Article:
I believe that oil is the determining factor in modern economies. With that in mind, it seems to me that in a world economy that is competetive for limited oil resources, one countries slowdown is anothers potential gain. China has become one of the U.S.'s main competitors for oil. China is trying to engineer a slowdown. It is hard for any government to "slow" a market based economy, due to the "hot money" that tends to go where the action is. If the hot money flees china, will it come here?
Oil price makes or breaks regional economies. The OPEC price hikes of the 1970's broke the U.S. The S&L crisis was was one result.
The subsequent decline in oil price through the 80's resulted in the oil money dependent USSR going broke.
The high price of oil in the 2007 resulted in the latest round of financial retrenchment.
Almost all countries have been debasing their currencies for the last several years. So the "effective" price of oil may be reset to a higher point. U.S. banks are fully capitalized, waiting for a pickup in the economy to lend. An easing of oil cost, or even holding steady for awhile may be the fuel for the fire here.
Even with long term interest rates moving up we may see the money break loose.(Bond funds in particular are losing money. It has to go somewhere.)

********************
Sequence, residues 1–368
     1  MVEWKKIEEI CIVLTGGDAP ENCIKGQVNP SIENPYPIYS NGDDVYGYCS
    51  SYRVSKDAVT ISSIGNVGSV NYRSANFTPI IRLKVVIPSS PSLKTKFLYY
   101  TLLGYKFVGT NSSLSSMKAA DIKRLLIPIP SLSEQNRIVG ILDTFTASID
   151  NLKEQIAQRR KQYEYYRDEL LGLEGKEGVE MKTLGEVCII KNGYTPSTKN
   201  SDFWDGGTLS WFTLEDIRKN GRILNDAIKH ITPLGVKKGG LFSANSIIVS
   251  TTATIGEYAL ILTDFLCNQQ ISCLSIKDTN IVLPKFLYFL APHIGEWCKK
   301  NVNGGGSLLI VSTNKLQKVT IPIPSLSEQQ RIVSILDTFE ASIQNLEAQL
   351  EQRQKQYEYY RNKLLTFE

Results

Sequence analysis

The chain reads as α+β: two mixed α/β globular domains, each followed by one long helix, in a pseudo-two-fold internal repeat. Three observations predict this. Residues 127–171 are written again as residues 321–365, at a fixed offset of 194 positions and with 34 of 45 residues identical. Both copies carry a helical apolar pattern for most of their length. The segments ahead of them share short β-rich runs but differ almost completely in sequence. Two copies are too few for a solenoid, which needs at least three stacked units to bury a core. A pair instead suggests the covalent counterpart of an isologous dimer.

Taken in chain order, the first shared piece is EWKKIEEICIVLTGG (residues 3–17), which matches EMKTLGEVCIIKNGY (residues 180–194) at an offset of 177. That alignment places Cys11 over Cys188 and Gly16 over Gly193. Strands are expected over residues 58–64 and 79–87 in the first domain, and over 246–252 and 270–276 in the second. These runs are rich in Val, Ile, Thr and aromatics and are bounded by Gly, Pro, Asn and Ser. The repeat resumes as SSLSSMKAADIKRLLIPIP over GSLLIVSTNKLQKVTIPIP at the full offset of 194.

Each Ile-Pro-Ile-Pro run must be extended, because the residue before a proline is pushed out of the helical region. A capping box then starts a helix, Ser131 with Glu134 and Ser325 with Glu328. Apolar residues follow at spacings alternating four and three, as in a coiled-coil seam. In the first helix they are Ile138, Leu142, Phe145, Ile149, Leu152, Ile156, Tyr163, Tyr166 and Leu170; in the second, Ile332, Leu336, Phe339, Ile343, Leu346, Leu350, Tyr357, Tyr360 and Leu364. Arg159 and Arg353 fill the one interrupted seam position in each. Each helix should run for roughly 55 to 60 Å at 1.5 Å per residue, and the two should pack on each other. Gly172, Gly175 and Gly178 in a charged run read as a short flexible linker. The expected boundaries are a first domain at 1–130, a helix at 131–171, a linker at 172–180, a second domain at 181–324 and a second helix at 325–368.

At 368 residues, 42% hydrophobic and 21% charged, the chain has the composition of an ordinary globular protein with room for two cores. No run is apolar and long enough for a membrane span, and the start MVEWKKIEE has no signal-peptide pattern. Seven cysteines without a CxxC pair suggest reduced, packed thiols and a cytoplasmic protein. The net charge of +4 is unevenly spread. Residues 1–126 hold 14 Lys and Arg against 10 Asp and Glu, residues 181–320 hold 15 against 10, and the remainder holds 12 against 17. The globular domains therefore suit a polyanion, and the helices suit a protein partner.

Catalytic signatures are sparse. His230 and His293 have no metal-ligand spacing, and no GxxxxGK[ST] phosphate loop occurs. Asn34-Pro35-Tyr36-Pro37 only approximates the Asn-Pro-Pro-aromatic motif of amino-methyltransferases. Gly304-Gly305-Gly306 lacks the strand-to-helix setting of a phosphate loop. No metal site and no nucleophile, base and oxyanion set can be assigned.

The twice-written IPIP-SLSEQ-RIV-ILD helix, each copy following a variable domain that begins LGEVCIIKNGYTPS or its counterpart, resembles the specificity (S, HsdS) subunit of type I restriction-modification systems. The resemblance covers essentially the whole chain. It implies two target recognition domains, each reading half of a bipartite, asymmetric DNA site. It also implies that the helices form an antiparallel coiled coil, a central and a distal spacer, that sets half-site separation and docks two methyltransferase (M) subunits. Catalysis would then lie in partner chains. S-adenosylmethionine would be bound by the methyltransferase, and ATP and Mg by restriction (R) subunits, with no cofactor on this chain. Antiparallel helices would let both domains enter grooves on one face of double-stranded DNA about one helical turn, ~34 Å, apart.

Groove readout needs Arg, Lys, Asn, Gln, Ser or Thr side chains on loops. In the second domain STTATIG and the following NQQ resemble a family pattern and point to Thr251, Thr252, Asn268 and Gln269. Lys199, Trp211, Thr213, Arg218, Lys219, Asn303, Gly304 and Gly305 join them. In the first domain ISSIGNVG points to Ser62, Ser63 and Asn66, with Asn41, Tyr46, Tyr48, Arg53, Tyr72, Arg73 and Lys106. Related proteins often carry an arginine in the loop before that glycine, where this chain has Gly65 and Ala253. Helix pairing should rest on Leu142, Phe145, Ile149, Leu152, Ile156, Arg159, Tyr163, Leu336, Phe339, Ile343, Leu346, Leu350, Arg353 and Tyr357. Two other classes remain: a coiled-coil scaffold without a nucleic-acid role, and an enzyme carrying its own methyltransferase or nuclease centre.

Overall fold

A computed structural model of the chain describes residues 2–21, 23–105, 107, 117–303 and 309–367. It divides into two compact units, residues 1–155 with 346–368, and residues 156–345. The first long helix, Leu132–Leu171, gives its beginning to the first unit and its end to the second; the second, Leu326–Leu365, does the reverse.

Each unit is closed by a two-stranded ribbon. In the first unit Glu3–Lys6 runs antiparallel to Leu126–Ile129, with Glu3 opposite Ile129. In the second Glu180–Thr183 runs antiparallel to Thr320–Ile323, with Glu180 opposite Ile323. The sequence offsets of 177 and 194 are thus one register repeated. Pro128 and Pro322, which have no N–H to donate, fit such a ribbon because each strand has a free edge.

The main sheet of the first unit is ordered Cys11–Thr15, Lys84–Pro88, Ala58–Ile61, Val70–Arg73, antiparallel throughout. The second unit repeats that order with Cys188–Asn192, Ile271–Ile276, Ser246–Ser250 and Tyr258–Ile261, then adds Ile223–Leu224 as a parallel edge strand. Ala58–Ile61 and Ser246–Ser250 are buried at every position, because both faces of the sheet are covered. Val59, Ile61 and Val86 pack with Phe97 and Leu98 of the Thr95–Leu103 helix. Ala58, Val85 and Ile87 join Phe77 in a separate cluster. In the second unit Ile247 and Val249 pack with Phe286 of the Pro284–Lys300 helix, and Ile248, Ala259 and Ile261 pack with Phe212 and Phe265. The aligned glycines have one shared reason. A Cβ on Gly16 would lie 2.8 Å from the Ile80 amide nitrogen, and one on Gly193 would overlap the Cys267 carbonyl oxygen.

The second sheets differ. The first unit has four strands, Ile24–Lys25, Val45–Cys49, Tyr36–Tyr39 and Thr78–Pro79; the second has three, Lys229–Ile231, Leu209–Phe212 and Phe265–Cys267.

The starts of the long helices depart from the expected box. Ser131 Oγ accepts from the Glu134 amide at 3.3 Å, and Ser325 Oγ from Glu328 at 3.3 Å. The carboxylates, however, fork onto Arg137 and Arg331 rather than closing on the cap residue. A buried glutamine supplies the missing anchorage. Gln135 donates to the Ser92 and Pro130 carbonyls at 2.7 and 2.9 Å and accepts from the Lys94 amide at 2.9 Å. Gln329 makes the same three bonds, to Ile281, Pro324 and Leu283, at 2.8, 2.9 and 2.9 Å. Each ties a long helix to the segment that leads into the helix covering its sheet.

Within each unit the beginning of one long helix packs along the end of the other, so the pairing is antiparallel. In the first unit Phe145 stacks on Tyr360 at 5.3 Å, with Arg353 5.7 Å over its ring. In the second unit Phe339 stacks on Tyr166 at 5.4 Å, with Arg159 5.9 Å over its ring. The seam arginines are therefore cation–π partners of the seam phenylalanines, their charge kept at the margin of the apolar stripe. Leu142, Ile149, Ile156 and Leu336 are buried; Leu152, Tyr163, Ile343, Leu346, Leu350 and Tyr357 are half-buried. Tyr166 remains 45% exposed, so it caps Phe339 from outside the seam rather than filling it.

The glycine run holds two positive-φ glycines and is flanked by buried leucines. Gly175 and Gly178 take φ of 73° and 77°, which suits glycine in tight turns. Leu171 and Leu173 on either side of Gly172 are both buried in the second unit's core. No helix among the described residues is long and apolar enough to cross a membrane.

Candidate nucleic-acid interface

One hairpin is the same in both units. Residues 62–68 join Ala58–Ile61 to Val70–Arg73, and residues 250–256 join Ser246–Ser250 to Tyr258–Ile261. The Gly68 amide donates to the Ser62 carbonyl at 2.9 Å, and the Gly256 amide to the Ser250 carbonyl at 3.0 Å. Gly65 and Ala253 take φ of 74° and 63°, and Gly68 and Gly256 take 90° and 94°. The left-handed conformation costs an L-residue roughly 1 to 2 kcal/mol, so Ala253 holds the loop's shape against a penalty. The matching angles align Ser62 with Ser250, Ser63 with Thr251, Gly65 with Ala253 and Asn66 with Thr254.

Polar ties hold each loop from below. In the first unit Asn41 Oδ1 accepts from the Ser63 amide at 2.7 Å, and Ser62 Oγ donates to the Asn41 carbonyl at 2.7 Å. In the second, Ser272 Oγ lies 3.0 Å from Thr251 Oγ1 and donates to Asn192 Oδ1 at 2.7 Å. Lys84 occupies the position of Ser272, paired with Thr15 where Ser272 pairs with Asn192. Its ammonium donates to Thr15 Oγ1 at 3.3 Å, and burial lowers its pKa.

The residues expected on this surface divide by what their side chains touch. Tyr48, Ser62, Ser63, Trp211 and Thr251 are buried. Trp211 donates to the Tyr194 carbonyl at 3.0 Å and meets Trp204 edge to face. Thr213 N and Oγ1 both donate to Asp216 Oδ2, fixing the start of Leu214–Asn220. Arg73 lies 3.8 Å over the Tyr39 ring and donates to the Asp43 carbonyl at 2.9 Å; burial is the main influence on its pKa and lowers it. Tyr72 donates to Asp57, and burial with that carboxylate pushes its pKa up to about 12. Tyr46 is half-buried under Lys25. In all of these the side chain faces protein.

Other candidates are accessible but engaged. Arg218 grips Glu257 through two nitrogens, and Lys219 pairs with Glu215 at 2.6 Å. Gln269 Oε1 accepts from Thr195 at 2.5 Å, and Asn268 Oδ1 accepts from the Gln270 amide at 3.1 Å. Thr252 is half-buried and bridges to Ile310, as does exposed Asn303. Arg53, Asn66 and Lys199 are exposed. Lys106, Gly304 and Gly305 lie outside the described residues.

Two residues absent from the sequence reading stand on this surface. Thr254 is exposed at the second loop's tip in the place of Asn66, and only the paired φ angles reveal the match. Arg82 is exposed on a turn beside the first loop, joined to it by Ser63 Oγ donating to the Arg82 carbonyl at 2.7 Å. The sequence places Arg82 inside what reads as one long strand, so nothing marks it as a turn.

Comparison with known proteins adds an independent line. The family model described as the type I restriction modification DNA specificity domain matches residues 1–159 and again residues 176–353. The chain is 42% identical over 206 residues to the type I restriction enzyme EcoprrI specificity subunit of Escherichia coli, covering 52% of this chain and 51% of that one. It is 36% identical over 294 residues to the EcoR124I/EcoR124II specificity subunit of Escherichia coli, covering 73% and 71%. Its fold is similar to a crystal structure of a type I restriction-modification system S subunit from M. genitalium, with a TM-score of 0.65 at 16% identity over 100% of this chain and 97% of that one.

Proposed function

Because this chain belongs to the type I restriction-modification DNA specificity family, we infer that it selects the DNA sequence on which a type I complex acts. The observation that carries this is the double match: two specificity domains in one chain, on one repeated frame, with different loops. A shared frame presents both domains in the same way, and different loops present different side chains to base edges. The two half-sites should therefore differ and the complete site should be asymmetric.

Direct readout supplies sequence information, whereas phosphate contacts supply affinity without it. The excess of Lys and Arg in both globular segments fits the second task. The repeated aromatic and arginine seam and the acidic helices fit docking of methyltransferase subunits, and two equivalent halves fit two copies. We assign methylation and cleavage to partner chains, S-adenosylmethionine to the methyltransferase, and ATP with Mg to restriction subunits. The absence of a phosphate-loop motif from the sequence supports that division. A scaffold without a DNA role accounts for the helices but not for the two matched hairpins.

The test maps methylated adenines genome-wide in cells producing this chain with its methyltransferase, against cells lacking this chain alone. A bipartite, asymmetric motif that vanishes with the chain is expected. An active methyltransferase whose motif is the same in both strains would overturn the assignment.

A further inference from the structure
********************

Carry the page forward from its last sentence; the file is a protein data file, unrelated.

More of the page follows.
Many warn of the unempoyment picture as being a warning. Employment is a lagging indicator. Companys will tend to wait for their inventories to get low before hiring. Particularly after recent dangers.
I think that the workers who have dropped off the rolls of those looking for work may be related to the early baby boomers deciding to retire early. Many of them had huge gains in their real-estate over the past 30 years and I believe there are large numbers that have taken the opportunity to book their gains over the past few years, move to the more depressed areas of the country, and live off their gains. Many of those that lost their jobs the last couple of years probably collected unemployment insurance, but as it expires they simply stop "looking for work". And many may be content to be "under employed" forever.
The stock market may be due for a pullback, but so far the "bottom pickers" have stepped in to push it higher. The "tell" in markets is how well they handle bad news. ie, how well they bounce back after a selloff.
And as far as the argument that the volume is declining as the markets rise being a sign of weakness, I would propose that as buyers with the intent to hold come into the market, the fact of that holding will reduce volume. Less turnover.....